A respected chemist and professor at Texas A&M University, Kim Renee Dunbar has led her research group to international recognition by contributing a number of notable projects and findings to the scientific community. In addition, her research group makes an impact locally by inviting visitors each year to its facilities and inspiring young scientists through presentations.
From Texas A&M University, Kim Renee Dunbar leads the Dunbar Research Group, furthering the international scientific community’s understanding of applications in inorganic chemistry. She is a leading chemistry professor and department head at Texas A&M and has earned an impressive array of titles and awards for her career accomplishments.
In her research group, Dunbar coaches young scientists and leads peers to new discoveries that go on to further applications in labs and facilities around the world. The group finds funding in major institutions such as the United States Department of Energy, the American Chemical Society, the Welch Foundation, the National Institutes of Health, and the National Science Foundation. Through their support, Kim Renee Dunbar and her team are able to increase the international scientific community’s understanding of critical elements in chemistry.
The Dunbar Group focuses on topics in inorganic chemistry but puts a special emphasis on
coordination chemistry. In their research, they attempt to understand and be better capable of explaining relationships between molecular structures and physical properties. Dunbar oversees research on subjects like molecular magnetism, anti-cancer compounds, and multifunctional materials with organic radicals. What she and her team uncover help scientists develop projects that aid humanity through solutions like stronger building materials, improved disease treatments, novel compounds and much more.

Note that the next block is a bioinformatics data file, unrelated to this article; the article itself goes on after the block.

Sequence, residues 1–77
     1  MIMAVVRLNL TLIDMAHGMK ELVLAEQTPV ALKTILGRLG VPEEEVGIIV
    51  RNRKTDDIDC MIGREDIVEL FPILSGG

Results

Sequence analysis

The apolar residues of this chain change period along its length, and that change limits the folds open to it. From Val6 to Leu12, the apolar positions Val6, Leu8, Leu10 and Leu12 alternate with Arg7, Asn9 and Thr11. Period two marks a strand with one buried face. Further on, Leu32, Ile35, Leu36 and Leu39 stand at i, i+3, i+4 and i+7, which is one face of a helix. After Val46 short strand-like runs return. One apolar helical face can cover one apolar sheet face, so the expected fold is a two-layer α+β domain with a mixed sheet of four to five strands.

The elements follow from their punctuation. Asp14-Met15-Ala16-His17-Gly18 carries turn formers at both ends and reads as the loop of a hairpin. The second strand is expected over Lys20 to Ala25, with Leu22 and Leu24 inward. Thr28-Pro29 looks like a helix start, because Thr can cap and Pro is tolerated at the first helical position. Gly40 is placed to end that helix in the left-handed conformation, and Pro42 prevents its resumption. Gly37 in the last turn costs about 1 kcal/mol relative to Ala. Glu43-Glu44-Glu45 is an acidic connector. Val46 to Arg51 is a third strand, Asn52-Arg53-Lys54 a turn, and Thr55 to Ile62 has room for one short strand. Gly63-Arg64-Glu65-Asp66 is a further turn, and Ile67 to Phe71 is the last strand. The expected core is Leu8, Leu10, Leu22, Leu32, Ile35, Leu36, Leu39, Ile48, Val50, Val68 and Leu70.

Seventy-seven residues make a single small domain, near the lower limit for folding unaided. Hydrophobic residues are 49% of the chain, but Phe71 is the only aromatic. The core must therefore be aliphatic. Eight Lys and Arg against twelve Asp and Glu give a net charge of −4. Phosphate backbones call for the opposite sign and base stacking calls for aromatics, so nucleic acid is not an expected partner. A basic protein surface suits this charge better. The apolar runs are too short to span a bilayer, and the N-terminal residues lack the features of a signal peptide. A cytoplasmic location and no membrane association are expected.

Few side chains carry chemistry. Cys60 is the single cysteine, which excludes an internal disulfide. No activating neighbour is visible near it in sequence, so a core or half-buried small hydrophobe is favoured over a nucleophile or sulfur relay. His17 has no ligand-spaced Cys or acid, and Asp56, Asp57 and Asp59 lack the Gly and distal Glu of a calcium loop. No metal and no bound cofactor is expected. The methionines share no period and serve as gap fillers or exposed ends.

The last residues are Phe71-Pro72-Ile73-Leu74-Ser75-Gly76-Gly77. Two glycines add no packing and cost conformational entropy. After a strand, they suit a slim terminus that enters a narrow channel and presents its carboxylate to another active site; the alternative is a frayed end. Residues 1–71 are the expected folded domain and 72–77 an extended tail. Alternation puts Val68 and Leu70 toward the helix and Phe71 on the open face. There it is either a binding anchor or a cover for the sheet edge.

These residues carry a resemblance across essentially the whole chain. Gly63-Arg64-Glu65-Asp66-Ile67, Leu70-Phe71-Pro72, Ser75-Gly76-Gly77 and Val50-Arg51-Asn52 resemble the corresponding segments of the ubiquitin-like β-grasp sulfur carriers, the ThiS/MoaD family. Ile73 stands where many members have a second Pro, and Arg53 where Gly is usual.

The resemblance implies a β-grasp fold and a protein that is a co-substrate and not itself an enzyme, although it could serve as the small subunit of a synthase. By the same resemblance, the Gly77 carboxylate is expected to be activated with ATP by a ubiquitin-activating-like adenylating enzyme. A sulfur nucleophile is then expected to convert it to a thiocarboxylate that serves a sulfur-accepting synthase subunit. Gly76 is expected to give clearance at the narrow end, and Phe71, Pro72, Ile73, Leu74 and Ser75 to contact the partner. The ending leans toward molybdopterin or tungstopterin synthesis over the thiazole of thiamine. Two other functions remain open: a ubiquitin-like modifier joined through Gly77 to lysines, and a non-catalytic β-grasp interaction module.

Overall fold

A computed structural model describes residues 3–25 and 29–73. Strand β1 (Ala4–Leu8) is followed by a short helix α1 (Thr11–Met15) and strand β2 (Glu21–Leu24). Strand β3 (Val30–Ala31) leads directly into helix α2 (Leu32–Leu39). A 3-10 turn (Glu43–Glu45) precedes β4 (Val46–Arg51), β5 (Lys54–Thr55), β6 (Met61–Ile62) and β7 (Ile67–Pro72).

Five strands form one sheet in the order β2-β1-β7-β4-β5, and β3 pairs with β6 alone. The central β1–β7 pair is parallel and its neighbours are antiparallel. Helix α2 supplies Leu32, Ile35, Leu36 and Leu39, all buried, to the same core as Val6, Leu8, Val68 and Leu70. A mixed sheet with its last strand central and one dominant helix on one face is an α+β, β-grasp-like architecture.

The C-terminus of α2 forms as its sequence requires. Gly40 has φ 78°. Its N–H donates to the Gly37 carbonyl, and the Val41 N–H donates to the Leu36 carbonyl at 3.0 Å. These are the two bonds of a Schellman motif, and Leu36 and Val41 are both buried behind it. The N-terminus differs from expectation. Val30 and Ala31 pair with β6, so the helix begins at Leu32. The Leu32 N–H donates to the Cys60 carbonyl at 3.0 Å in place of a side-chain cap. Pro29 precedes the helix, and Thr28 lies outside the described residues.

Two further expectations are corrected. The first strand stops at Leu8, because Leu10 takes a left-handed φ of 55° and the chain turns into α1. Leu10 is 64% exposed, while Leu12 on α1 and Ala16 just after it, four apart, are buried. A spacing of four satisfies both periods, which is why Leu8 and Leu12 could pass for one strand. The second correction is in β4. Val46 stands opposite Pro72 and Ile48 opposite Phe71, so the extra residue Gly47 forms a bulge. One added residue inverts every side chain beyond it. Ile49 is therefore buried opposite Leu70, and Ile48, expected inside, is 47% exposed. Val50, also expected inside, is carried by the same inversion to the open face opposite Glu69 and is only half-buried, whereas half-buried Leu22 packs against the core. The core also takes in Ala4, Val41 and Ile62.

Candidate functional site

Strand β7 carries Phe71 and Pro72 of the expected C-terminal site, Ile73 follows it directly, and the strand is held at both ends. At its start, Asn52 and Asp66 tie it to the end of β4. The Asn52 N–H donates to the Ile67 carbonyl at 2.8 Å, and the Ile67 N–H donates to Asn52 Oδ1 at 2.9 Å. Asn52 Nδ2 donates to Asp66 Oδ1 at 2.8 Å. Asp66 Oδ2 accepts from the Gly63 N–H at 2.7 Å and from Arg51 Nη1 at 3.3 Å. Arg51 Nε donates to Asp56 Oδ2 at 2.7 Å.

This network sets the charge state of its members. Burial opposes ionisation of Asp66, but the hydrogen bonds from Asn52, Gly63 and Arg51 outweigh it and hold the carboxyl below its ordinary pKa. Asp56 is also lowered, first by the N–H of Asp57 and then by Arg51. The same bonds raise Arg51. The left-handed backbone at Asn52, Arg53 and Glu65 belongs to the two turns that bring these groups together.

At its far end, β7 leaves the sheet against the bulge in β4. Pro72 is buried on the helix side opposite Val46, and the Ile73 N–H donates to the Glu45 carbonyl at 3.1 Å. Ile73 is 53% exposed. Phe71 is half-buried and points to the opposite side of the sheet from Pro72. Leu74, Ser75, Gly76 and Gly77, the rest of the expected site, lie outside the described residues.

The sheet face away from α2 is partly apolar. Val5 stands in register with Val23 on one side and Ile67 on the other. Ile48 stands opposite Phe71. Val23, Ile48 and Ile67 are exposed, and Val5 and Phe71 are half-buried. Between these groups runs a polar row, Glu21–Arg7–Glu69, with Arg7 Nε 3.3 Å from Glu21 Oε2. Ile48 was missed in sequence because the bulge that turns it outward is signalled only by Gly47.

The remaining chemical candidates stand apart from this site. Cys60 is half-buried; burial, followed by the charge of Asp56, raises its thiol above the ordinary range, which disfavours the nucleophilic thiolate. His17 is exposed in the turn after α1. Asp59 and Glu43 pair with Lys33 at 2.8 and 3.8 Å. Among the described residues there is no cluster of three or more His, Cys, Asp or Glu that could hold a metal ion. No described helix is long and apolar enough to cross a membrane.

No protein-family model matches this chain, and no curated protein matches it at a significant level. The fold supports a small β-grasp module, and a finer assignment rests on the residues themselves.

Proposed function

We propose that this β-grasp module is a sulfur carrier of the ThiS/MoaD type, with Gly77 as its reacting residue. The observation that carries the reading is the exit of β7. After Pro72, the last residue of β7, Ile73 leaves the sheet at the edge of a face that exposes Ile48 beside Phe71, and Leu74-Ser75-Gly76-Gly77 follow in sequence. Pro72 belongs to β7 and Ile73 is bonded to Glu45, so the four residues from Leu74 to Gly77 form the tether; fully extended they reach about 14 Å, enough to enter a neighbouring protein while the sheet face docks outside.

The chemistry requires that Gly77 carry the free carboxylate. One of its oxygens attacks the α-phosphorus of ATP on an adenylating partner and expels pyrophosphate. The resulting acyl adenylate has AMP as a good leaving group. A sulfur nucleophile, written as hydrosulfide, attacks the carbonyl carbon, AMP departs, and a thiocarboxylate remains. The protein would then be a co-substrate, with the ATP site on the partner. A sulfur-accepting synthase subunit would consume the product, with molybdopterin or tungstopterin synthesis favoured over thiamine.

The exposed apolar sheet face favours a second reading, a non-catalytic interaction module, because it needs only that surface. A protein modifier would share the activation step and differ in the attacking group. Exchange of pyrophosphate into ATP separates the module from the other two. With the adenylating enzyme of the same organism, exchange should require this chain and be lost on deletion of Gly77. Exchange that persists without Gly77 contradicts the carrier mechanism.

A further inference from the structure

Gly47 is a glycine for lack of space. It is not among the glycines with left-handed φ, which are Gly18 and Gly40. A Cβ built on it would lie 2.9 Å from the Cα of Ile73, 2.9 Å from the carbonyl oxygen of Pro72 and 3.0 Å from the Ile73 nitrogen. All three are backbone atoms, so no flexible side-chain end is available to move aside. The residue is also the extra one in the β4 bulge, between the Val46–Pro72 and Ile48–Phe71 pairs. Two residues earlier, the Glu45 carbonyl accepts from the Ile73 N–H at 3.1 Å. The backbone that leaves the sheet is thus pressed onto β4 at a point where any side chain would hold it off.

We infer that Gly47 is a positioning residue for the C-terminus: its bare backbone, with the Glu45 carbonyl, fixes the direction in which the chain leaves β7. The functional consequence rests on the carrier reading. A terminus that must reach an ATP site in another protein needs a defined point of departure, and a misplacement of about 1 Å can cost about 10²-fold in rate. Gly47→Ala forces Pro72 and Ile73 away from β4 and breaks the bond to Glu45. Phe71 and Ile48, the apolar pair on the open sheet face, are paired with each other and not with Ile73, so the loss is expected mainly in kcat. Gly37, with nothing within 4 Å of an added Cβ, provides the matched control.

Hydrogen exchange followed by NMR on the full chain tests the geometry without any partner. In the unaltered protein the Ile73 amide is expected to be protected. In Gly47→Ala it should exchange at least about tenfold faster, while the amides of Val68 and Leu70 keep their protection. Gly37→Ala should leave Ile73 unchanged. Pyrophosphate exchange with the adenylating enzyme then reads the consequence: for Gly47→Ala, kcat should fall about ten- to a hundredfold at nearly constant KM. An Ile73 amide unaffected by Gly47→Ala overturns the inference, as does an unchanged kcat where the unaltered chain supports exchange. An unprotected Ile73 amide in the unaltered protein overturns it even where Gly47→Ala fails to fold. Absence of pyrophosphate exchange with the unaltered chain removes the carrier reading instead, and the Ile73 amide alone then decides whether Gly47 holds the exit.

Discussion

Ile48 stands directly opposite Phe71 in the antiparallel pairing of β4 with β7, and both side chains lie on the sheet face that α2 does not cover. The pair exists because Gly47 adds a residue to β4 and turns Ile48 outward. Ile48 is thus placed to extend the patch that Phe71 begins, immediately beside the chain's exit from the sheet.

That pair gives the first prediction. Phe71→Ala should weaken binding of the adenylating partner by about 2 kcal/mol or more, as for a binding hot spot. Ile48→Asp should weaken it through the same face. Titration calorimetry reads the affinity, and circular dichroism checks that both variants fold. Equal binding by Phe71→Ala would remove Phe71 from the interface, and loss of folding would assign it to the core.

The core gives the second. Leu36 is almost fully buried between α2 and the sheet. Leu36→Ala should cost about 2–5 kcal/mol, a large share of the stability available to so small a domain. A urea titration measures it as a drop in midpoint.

Researchers within the Dunbar group expand their chemical knowledge beyond the boundaries of their individual degrees. Their work allows them to gain experience in several state-of-the-art techniques and instrumentation and equips them for careers in chemistry as well as provides a launch pad for continued education. They experiment with air-free synthesis (glovebox and Schlenk-line), X-ray crystallography, SQUID magnetometry, mass spectrometry, computational chemistry, cell viability assays, electrochemistry, and electronic, EPR, infrared, and NMR Spectroscopies.
The Dunbar Research group also has a tremendous impact in their local community: During National Chemistry Week each year, the Texas A&M Chemistry department holds an open house that allows members of the community, especially young students, to come and explore the world of chemistry. Kim Renee Dunbar and her group actively participate with the open house by running stations hosting hands-on experiments for the public like polymer smoothies, ferrofluids, and UV fluorescent nail polish.
Kim Renee Dunbar is respected by her team, her university, and the larger scientific community for the landmark contributions she’s made across a career spanning three decades. For her contributions, she was named a Davidson Professor of Science, a Distinguished Professor of Chemistry, and received the ACS Award for Distinguished Service in the Advancement of Inorganic Chemistry among a range of other accreditations.